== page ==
It’s a new year on the allotment | Voice of the Allotment


Barry Cuff shares what’s happening on the allotment this month – what he’s cropping and what he’s planted – plus a few of his interesting findshe’s cropping and what he’s planted – plus a few of his interesting finds.

With few crops left in the ground to harvest and the start of planting/sowing for the coming season, March is the beginning of the new allotment year. We are picking plentiful spears of both early and late purple sprouting broccoli (Rudolph and Claret). Claret started to produce earlier than normal, brought on by the days of glorious sunshine which started on the 17th.
We cut our first Medallion cauliflower mid-month (top picture); not as large as the winter cropping Cendis which we grow, but still of a good size. We grow this variety because it always crops earlier than other spring varieties, and we need to clear the ground for the next crop which will be potatoes. We have a six year rotation of all our crops, except potatoes which are three years.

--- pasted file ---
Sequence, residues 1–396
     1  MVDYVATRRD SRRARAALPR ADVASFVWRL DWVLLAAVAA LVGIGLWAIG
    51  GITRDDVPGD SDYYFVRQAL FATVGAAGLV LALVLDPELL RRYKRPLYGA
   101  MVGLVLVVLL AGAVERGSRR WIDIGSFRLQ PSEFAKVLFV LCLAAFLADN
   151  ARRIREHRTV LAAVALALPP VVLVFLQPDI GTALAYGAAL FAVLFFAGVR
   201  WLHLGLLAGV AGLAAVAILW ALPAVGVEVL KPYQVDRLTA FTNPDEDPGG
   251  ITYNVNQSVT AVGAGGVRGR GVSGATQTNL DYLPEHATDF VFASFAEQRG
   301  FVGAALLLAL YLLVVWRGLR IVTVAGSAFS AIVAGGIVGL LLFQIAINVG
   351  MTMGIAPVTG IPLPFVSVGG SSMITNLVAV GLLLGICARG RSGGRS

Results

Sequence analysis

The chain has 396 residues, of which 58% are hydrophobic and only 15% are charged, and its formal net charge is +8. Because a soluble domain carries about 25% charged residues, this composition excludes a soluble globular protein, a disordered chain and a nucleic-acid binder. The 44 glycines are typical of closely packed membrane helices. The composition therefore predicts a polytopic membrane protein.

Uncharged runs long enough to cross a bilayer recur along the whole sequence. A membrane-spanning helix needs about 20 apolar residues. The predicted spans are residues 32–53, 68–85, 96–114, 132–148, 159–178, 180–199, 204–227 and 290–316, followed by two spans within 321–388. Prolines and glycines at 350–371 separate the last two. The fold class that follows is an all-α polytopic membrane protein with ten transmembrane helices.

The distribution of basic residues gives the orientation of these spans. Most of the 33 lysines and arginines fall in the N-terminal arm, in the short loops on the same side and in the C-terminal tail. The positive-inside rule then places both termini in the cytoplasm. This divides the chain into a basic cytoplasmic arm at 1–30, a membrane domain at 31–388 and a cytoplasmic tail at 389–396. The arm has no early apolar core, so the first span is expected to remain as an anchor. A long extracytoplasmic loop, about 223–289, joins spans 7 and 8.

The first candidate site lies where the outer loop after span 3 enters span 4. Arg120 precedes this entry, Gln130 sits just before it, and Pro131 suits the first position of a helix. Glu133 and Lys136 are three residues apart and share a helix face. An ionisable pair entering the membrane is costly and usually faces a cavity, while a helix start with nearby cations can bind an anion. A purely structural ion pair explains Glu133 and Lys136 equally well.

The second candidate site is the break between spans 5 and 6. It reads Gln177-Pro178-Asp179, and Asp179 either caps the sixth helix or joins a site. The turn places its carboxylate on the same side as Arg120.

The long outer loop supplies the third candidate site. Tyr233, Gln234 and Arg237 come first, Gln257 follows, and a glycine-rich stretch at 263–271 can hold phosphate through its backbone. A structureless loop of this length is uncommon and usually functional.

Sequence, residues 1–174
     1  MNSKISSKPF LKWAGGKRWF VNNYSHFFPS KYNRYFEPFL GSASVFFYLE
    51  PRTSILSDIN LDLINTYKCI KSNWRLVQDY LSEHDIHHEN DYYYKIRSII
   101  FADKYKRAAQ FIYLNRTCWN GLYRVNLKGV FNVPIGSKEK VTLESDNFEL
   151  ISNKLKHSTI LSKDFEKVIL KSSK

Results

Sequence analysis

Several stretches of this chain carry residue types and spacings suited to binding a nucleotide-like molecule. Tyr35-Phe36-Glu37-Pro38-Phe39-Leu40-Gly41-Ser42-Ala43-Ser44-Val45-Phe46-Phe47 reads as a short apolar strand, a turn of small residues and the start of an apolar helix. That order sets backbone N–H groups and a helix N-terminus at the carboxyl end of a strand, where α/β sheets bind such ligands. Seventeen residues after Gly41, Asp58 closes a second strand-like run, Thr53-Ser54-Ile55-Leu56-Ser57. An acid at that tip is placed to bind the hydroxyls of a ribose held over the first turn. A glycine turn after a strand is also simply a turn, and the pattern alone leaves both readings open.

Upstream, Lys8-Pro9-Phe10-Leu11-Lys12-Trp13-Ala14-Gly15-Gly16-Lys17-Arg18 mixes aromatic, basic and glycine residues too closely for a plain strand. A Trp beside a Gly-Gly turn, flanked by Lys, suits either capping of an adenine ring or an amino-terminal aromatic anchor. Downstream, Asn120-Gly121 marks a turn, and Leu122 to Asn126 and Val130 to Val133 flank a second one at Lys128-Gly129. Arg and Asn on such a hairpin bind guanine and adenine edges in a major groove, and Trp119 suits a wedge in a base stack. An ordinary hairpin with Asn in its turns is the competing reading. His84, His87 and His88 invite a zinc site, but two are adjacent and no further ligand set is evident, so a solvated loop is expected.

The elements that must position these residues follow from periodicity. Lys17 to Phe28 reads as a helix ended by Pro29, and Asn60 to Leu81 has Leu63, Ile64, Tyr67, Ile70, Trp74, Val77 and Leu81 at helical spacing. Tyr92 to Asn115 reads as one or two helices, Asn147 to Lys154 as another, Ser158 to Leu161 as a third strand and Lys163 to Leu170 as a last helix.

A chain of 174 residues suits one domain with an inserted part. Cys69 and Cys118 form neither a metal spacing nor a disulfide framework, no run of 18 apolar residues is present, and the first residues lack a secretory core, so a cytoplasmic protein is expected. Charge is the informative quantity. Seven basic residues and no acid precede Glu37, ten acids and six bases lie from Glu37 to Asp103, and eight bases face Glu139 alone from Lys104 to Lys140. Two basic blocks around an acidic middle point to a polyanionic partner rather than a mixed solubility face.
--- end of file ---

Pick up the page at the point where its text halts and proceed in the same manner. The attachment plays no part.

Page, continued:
Throughout the month we also harvested parsnips and leeks. With a good supply of both we were able
to give some to other allotmenteers.
At home we cut our second lot of chicons on the 25th, hopefully we will get a third cut in about
three weeks time.

By the time you read this we will have planted seven lines of potatoes – Foremost, Charlotte, Elfe,
International Kidney, McCain Royal and Rooster. Further lines of Rooster and Picasso will be planted
in April.
By the 25th the soil temperature was warm enough to sow part lines of carrot and beetroot.
In the greenhouse we have plug trays of onions, cabbages and lettuce, and these will be ready to
plant out in April. During the sunny days we have enjoyed seeing Commas, Small Tortoiseshells, Brimstones and Orange Tips flying over the plots.
Despite two days with heavy rainfall (over an inch on the 11th with a further 0.8 inches on the 16th) our soil dug well after about six days. We only dig about one third of our total plot area each year to fit in with the rotation. I love digging, and it never seems like hard work with a good long handled spade.

During the last 34 years on our plot at Sturminster I have made some interesting finds while turning over the soil:
• An Elizabeth 1st silver sixpence.
• 1790 George third gaming token.
• Prince of Wales half sovereign (Date ?)
• 17th century wine bottle seal, showing what I think is a mermaid
• A yellow submarine – A baking powder ‘Atomic Sub’ from a 1957 packet of Kellogs Cornflakes!

by Barry Cuff

Sponsored by – Thorngrove Garden Centre


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